Ex-filtration plans had been set up from the beginning. He developed a few deep, personal relationships with several agents involved in the mission, and when the time came where the invasion plans were beginning to be put into play and martial law was declared, he came clean with his family and they made a decision, leaving family, who had no knowledge of the events unfolding, friends, property, their dog. Within 48 hours of his confession, in a long, harrowing, perilous journey, they made it out of Poland to the United States. The United States, using diplomatic means, but prepared for the worst, confronted the Soviets and succeeded in stopping their plans.

Kuklinski and his family were given new identities and living accommodations, and he continued to advise the highest levels of our government. His desire to return to Poland, if only for a visit, came decades later. He was considered an outlaw, a traitor. He also suffered tremendous back to back tragedy. His eldest son went missing off the coast of Florida some years later, and his body was never found. He thought Cuba and the Soviets were involved. Then only six months later, his younger son was killed in a hit and run “accident”. When they found the car, there were no fingerprints inside the vehicle.

Ryszard Kuklinski received the highest award offered by the CIA. He did regain his family honor, and returned to Poland for a visit, and was stunned by the tremendous outpouring of love and honor from the Polish people. The charges of treason were dropped. Some say he stopped the beginning of World War III. As a Polish American, I never knew until recently about the communist invasion plans of the 1980’s or of this amazingly, brave, selfless soul. I was forever changed and humbled reading his story called, A Secret Life by Benjamin Weiser, and never prouder to be Polish.

I also doubt that this is the end of this story, the end of the fight for freedom and liberty. Poland held onto the belief freedom would someday return, and they have never taken it for granted, a powerful lesson in today’s uncertain world. Please watch this moving tribute to Col. Kuklinski:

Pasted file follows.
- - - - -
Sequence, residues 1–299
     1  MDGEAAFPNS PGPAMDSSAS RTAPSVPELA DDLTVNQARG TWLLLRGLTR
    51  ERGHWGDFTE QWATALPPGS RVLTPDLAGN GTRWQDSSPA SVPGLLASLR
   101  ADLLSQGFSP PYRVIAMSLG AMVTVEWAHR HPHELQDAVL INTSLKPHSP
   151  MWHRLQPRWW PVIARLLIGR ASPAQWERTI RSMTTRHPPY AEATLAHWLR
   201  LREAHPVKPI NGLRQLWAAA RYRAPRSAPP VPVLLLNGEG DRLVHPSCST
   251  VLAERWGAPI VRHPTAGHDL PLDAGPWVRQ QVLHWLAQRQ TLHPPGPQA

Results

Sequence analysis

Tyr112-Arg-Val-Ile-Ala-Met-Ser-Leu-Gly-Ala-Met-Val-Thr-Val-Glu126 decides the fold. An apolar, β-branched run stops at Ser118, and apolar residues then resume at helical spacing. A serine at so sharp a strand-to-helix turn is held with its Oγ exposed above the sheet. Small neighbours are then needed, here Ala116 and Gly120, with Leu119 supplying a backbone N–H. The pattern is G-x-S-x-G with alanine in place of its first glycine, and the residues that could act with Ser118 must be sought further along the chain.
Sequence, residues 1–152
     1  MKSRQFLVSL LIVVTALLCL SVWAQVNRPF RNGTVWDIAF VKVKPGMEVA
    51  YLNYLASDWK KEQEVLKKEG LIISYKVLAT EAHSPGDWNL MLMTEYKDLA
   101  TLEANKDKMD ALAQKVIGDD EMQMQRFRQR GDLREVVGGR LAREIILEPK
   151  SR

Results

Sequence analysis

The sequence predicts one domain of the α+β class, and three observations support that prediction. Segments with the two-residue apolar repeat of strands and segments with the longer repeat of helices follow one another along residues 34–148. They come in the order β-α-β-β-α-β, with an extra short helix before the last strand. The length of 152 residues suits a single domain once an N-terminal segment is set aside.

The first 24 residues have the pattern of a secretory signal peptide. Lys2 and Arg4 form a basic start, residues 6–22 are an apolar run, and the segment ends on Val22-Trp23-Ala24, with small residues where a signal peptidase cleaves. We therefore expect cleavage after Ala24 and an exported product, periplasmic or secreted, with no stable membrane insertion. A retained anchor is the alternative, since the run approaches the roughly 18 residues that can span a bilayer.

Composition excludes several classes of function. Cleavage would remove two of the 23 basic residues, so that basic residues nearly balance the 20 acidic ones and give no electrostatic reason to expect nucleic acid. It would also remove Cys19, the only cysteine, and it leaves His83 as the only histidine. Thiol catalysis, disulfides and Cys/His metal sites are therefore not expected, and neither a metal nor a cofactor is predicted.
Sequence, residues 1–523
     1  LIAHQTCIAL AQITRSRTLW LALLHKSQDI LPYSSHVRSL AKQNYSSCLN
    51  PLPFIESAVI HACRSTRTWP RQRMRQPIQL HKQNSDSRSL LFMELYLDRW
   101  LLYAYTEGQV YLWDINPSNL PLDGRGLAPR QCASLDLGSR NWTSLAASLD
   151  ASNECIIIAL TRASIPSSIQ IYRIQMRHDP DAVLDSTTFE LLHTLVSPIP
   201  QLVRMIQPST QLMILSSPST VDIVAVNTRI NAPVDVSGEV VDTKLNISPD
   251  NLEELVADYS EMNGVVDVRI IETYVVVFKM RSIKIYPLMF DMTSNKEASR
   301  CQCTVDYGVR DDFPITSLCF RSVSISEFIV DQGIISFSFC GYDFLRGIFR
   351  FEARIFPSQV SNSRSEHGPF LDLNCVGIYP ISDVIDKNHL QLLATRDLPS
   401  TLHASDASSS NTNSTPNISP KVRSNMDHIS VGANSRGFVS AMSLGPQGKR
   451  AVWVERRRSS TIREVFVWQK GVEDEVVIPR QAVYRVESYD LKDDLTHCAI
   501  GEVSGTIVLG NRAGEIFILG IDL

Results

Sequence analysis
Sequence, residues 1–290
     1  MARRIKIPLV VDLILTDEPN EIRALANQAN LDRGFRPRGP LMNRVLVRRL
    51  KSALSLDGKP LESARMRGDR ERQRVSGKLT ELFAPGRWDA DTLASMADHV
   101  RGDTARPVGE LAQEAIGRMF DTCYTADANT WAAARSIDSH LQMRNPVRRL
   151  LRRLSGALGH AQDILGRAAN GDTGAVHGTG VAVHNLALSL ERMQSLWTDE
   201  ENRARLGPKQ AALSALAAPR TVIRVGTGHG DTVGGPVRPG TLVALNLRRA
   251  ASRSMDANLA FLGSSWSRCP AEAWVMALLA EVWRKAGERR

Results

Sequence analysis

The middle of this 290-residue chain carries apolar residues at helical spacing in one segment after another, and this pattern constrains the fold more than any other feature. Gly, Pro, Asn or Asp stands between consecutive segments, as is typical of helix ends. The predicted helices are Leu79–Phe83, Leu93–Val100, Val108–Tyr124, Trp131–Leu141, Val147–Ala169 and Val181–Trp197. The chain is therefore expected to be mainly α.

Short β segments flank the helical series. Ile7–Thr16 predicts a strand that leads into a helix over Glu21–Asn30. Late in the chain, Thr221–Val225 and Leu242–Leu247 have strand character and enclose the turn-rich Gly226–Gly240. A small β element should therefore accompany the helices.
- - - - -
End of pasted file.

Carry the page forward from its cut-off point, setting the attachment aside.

https://www.youtube.com/watch?v=oGKFM0Q_8f8

There are 26 comments.

  1. Member

    Thank you FS Cat.

    What a great story. What a great Pol. What a great American. I say American because I think Mr. Kuklinski captures the American spirit.

    • #1
    • September 13, 2017 at 6:58 pm
    • 5 likes
  2. Coolidge

    That is an amazing (and very scary) story. I remember when I was in college the Soviets massing on the Polish border. Tensions were very high. That was 1980. Some friends and I were in my room when someone rushed in very upset saying “You’ll never guess what happened”. We all said in unison: Russia invaded Poland. And she said, “No, John Lennon was shot”.

    • #2
    • September 13, 2017 at 7:01 pm
    • 9 likes
  3. Reagan

    Front Seat Cat: I also doubt that this is the end of this story, the end of the fight for freedom and liberty

    Thank you for sharing this, FSC. I’m always amazed and then humbled by accounts of this kind of courage borne of the determination to fight evil.

    • #3
    • September 13, 2017 at 7:07 pm
    • 6 likes
  4. Member

    Gossamer Cat (View Comment):
    That is an amazing (and very scary) story. I remember when I was in college the Soviets massing on the Polish border. Tensions were very high. That was 1980. Some friends and I were in my room when someone rushed in very upset saying “You’ll never guess what happened”. We all said in unison: Russia invaded Poland. And she said, “No, John Lennon was shot”.

    That’s funny.

    • #4
    • September 13, 2017 at 7:13 pm
    • 2 likes
  5. Member

    Great post, thank you. I’ll look for the book A Secret Life. During the time period between 1971 and 1981 in a conversation between my dad and I he indicated that there was some real concern that the Russians were going to move against Western Europe. He said the time had passed, and the danger was over. He mentioned a specific year, that I can’t remember, and the time of year that the attack would have occurred. I really cannot say much more than that, other than he was a former Naval Intelligence Officer, and there were some things he was privy to as a civilian with high level security clearances. He has since passed away and there were probably many things he was aware of that he never talked about.